open ports on those servers by running the python app
        'knockknock'

      * 'knockknock-daemon' simply tails kern.log.  It doesn't bind to
        any sockets, load libpcap and inspect every packet, or send
        anything onto the network at all.

      * When you want to open a port from a client, you run
        'knockknock', which sends a /single/ SYN packet to the server.
        The packet's IP and TCP headers are encoded to represent an
        IND-CCA secure encrypted request to open a specified port from
        the source IP address.

      * Fields from this packet are logged to kern.log and processed
        by 'knockknock-daemon', which validates them.

      * You connect from the client to the now-open port on the
        server.

      * The port closes behind you and doesn't allow any new
        connections.
    
  
    That's it.  Written in python, simple, single-packet, secure.
  
    The request is encrypted using AES in CTR mode, with an HMAC-SHA1
    using the authenticate-then-encrypt paradigm.  It protects against
    evesdropping, replay attacks, and all known forms of cryptanalysis
    against IND-CCA secure schemes.
  
Why Is knockknock Secure?
  
    * The knockknock-daemon code is very simple, and is written in
      python (a 'safe' language).  The code is concise enough to be
      easily audited, and doesn't make use of any crazy libraries like
      libpcap.

    * While knockknock-daemon needs root priviledges to adjust
      iptables rules, it employs privilege separation to isolate the
      code that actually runs as root to ~15 lines.  So even though
      the entire code base is very small and very simple, the only
      part of the code actually running with root privilges is even
      smaller and even simpler.  When you run knockknock-daemon, it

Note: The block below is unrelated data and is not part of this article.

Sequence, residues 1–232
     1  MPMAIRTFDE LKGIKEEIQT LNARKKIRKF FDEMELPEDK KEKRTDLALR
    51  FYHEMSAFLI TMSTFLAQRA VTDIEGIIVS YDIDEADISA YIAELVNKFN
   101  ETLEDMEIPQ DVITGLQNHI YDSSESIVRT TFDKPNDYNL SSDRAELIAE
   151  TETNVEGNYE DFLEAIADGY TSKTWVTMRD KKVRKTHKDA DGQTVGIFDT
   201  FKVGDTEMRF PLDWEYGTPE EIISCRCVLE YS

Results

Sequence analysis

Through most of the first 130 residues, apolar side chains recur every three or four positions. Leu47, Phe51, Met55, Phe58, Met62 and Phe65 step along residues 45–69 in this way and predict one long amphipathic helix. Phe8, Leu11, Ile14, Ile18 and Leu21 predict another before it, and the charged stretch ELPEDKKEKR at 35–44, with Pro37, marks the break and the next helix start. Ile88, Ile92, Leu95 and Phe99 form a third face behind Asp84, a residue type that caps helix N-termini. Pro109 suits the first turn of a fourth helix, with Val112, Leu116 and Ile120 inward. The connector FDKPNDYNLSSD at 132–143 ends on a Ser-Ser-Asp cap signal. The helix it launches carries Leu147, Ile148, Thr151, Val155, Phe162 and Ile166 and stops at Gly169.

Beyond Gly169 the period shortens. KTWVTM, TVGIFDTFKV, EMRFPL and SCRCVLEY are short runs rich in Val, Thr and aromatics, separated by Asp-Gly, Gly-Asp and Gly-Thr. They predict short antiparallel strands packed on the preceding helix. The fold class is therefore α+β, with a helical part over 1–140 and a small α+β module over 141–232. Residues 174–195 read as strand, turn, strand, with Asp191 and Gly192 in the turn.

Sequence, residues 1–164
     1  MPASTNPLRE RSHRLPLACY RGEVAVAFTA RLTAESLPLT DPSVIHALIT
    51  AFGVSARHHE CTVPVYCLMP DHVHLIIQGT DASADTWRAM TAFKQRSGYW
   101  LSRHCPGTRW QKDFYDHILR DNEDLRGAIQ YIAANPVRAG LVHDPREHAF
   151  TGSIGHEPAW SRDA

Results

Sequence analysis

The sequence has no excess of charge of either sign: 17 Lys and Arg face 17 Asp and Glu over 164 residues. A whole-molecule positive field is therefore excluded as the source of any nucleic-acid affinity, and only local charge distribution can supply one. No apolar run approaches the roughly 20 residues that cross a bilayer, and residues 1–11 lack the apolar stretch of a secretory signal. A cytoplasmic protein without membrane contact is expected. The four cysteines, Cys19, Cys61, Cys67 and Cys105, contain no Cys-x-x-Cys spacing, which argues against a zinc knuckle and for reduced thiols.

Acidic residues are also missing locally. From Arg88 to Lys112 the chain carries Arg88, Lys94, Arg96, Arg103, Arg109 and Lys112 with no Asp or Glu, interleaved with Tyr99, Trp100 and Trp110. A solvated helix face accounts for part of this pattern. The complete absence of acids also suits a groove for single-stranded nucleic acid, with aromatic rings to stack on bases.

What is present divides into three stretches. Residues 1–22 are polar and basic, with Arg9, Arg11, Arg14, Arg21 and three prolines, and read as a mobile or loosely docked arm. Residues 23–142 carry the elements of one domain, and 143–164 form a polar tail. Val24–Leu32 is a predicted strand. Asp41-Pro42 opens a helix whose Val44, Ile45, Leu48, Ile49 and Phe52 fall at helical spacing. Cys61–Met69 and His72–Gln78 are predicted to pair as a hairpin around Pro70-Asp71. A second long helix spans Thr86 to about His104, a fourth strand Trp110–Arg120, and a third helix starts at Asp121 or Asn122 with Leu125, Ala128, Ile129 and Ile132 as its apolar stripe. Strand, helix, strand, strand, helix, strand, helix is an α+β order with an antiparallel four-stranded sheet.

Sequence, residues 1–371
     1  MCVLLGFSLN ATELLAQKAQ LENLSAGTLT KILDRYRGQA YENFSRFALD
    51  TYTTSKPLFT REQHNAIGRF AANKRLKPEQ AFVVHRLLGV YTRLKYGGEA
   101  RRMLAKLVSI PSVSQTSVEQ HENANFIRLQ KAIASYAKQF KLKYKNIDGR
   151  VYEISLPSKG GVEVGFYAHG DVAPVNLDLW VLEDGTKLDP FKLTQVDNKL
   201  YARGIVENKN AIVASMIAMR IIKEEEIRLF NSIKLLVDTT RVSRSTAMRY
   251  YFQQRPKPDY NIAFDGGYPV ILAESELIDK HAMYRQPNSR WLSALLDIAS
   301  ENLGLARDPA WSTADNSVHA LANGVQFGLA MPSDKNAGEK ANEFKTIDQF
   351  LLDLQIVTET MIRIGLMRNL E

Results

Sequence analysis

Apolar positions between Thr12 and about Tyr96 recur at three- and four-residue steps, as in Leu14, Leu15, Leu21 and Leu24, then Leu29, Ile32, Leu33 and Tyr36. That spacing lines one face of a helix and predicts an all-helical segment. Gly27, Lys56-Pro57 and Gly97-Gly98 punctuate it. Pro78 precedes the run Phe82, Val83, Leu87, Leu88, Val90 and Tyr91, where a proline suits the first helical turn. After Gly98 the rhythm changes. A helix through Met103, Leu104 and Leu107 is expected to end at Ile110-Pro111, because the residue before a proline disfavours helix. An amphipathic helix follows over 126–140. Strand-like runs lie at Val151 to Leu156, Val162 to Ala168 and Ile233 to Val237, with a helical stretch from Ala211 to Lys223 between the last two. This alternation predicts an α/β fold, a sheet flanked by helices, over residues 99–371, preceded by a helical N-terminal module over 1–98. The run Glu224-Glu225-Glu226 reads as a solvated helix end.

will fork out the privileged code and drop privilges everywhere
      else before processing knockknock requests.

    * The communication protocol is a simple IND-CCA secure encryption
      scheme that uses standard, contemporary, cryptographic
      constructions.  An observer watching packets is not given any
      indication that the SYN packet transmitted by 'knockknock' is a
      port knocking request, but even if they knew, there would be no
      way for them to determine which port was requested to open.
      Replaying the knock request later does them no good, and in fact
      does not provide any information that might be useful in
      determining the contents of future requets.
  
  
Why Is This Even Necessary?  

    /You are running network services with security vulnerabilities in
    them./ Again, /you are running network services with security
    vulnerabilities in them/.  If you're running a server, this is
    almost universally true.  Most software is complex.  It changes
    rapidly, and innovation tends to make it more complex.  It is
    going to be, forever, hopelessly, insecure.  Even projects like
    OpenSSH that were designed from the ground-up with security in
    mind, where every single line of code is written with security as
    a top priority, where countless people audit the changes that are
    made every day -- even projects like this have suffered from
    remotely exploitable vulnerabilities.  If this is true, what hope
    do the network services that are written with different priorities
    have?
  
    The name of the game is to isolate, compartmentalize, and /expose
    running services as little as possible/.  That's where knockknock
    comes in.  Given that your network services are insecure, you want
    to expose as few of them to the world as possible.  I offer
    knockknock as a possible solution to minimizing exposure.